“An economy built to last.” That’s the latest campaign them that President Obama is trying to sell the American public on. It was a defining part of his State of the Union Address and it’s a message he attempted to carry through his recently released 2013 Budget.
The problem is it’s wrong.
A more apt title would have been “A Deficit Assured to Last,” because despite record tax increases Obama’s budget would never balance. As in ever.
The reason is political cowardice. Anyone who has been paying attention knows that the primary driver of our deficit in the coming years is continual growth in the cost of government entitlements and the rising interest payments that result. In 1975 spending on Social Security, Medicare and Medicaid made up 27 percent of all government spending. Today that same figure is 46 percent. Moreover, it’s only projected to get worse.
“Under CBO’s two scenarios, all of the projected growth in primary spending as a share of GDP over the long term stems from increases in mandatory spending, particularly in outlays for the government’s major health care programs: Medicare, Medicaid, the Children’s Health Insurance Program (CHIP) and insurance subsidies that will be provided through the exchanges created by [Obamacare],” the CBO wrote in its most recent Long Term Budget Outlook.
Given their status as the most important budgetary items in terms of deficit impact you’d think they would figure prominently in the President’s budget. You’d be wrong. Indeed, Obama hardly mentioned them and made almost no changes to their long-term trajectory.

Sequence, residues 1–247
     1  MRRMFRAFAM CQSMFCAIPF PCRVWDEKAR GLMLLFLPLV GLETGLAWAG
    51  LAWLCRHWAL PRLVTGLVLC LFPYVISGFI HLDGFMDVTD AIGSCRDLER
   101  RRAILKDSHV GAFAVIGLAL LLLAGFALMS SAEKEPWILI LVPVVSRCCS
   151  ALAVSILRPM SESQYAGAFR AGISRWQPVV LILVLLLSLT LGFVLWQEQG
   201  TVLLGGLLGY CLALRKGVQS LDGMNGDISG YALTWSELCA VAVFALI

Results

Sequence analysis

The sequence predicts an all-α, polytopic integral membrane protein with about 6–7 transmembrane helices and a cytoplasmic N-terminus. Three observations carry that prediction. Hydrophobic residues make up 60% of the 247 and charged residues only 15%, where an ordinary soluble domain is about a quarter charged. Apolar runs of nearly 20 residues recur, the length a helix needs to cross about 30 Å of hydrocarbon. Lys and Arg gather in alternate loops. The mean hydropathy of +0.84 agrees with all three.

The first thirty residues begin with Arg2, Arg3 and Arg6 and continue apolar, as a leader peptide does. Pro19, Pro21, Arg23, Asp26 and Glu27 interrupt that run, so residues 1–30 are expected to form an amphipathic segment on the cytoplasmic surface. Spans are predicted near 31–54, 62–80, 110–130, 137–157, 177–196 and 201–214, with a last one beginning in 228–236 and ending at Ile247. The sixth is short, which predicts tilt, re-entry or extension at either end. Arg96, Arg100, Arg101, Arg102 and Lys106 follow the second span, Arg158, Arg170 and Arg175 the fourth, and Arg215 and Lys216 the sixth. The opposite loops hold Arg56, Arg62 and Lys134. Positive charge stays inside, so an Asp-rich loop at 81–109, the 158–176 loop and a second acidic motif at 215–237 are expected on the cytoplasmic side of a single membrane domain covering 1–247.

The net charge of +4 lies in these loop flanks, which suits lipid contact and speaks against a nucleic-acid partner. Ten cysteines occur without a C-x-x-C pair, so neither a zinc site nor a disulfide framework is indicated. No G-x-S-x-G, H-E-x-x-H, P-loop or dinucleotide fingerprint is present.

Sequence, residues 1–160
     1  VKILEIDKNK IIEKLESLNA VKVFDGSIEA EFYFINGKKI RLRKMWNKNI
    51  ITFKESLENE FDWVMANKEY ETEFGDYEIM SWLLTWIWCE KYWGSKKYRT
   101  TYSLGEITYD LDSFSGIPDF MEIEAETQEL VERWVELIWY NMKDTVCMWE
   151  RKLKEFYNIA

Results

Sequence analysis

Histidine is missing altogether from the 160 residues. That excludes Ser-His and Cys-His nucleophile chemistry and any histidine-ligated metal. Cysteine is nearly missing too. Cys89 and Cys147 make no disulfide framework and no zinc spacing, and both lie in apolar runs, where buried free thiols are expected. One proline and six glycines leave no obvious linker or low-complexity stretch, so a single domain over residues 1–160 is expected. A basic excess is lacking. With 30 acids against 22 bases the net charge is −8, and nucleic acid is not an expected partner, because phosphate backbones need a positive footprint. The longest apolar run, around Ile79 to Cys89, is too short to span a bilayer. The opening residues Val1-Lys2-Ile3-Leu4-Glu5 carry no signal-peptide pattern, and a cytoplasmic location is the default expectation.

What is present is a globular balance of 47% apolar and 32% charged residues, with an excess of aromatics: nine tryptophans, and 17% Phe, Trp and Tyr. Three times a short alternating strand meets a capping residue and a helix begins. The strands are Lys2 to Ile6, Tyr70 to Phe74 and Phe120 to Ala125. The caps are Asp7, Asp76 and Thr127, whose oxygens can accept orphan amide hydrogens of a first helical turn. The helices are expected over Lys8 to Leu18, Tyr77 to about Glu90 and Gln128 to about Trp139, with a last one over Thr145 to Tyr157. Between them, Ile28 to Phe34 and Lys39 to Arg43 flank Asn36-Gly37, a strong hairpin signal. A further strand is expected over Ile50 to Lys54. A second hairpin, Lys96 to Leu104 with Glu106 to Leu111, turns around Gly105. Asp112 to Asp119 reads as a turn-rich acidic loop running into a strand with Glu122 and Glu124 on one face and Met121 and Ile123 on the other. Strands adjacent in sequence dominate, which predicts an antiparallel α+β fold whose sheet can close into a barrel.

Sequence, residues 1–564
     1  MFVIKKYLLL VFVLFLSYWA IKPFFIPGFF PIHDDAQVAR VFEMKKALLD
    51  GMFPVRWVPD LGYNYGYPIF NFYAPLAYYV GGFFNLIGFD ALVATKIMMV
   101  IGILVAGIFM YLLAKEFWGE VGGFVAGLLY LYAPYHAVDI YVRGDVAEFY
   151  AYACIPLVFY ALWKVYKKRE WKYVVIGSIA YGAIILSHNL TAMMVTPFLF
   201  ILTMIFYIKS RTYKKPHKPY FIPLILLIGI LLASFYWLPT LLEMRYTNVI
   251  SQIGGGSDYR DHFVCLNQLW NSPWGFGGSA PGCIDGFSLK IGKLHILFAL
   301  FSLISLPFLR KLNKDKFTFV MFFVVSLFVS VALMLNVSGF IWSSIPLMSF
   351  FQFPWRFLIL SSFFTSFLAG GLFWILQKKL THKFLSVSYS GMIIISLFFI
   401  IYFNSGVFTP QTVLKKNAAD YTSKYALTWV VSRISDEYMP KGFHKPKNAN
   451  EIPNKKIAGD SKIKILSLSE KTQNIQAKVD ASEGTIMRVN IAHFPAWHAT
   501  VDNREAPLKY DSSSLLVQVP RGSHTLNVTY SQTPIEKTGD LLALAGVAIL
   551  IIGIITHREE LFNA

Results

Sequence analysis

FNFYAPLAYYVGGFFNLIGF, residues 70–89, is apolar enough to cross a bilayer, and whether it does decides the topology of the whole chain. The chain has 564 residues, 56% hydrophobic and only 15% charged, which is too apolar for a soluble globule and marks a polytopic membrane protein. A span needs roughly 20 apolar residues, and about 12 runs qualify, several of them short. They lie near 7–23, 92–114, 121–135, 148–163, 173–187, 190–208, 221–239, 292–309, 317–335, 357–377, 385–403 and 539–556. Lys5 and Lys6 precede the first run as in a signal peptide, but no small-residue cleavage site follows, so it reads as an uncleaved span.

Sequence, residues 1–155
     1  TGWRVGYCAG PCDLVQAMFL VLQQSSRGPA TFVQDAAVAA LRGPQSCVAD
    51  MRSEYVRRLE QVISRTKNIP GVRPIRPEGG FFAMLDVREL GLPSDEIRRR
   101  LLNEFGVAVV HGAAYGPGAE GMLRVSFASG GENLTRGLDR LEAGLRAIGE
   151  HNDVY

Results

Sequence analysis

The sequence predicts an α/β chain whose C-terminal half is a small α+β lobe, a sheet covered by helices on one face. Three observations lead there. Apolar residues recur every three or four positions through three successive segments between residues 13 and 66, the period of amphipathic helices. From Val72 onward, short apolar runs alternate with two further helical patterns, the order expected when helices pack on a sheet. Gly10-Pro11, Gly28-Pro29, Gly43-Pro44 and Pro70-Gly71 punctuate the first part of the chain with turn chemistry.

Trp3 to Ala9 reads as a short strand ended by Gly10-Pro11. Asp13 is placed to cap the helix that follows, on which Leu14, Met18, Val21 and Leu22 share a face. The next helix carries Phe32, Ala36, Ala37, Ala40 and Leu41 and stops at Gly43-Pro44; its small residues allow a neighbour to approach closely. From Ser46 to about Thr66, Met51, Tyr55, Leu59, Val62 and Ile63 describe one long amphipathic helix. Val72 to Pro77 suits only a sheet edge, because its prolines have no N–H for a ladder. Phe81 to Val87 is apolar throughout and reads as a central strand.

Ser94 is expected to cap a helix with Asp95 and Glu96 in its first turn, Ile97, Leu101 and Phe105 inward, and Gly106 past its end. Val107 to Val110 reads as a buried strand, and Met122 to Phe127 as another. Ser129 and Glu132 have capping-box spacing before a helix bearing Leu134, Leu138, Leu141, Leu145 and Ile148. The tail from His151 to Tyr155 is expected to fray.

The reason is simple. Entitlements are considered to be the “third rail” or “sacred cow” of Washington. Politicians don’t touch them because it risks backlash with voters who benefit from the programs.
This is fundamentally dishonest. Without change, the government programs that people have come to rely on will inevitably be weakened. As deficits become more unsustainable and programmatic trust funds run dry entitlement benefits will have to be cut, taxes will have to dramatically increase, or some combination of the two. And the longer we wait the more dramatic (read: painful) those changes will have to be.
It is not as if the Obama Administration is blissfully unaware of all of this.
During congressional testimony last week, Treasury Secretary Timothy Geithner admitted that Obama’s budget would result in untenable fiscal burdens on future generations.
“Even if Congress were to enact this budget, we would be left with – in the outer decades as millions of Americans retire – what are still unsustainable commitments in Medicare and Medicaid,” he said.
What is all the more amazing is that Geithner said almost the exact same thing in testimony last year.
“With the presidents plan, even if Congress were to enact it, and even if Congress were to hold to it, we would still be left with a very large interest burden and unsustainable obligations over time, “Geithner said in 2011.
In other words, President Obama was made aware by a member of his Cabinet, a man that he fought to keep in his inner economic circle despite letting everyone else go, that his last budget wouldn’t solve the fundamental economic problem that America faces. And then, given an entire year to ruminate on the matter and come up with some solutions, he punts…again. And what’s worse, he sells it to the public with the tagline “an economy built to last.”
More like an “economy doomed for last.”